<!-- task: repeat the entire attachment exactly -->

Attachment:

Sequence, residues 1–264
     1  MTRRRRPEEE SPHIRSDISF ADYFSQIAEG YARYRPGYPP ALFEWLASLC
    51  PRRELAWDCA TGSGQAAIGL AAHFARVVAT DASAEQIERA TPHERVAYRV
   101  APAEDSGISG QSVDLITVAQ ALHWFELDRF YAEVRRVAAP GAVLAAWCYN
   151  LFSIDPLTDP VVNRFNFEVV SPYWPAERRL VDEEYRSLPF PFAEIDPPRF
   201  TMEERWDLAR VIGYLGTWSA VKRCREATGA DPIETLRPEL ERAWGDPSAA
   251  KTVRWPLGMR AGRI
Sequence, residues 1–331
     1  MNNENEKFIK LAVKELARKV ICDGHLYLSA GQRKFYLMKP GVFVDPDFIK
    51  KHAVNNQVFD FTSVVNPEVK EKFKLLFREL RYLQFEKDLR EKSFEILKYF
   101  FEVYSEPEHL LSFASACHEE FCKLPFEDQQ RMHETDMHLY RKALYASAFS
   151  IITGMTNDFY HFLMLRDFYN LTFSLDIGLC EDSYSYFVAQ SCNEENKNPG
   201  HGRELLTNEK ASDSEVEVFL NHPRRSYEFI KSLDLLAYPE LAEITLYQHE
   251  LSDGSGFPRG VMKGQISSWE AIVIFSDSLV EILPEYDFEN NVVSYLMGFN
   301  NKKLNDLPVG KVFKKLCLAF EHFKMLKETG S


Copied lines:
Sequence, residues 1–264
     1  MTRRRRPEEE SPHIRSDISF ADYFSQIAEG YARYRPGYPP ALFEWLASLC
    51  PRRELAWDCA TGSGQAAIGL AAHFARVVAT DASAEQIERA TPHERVAYRV
   101  APAEDSGISG QSVDLITVAQ ALHWFELDRF YAEVRRVAAP GAVLAAWCYN
   151  LFSIDPLTDP VVNRFNFEVV SPYWPAERRL VDEEYRSLPF PFAEIDPPRF
   201  TMEERWDLAR VIGYLGTWSA VKRCREATGA DPIETLRPEL ERAWGDPSAA
   251  KTVRWPLGMR AGRI
Sequence, residues 1–331
     1  MNNENEKFIK LAVKELARKV ICDGHLYLSA GQRKFYLMKP GVFVDPDFIK
    51  KHAVNNQVFD FTSVVNPEVK EKFKLLFREL RYLQFEKDLR EKSFEILKYF
   101  FEVYSEPEHL LSFASACHEE FCKLPFEDQQ RMHETDMHLY RKALYASAFS
   151  IITGMTNDFY HFLMLRDFYN LTFSLDIGLC EDSYSYFVAQ SCNEENKNPG
   201  HGRELLTNEK ASDSEVEVFL NHPRRSYEFI KSLDLLAYPE LAEITLYQHE
   251  LSDGSGFPRG VMKGQISSWE AIVIFSDSLV EILPEYDFEN NVVSYLMGFN
   301  NKKLNDLPVG KVFKKLCLAF EHFKMLKETG S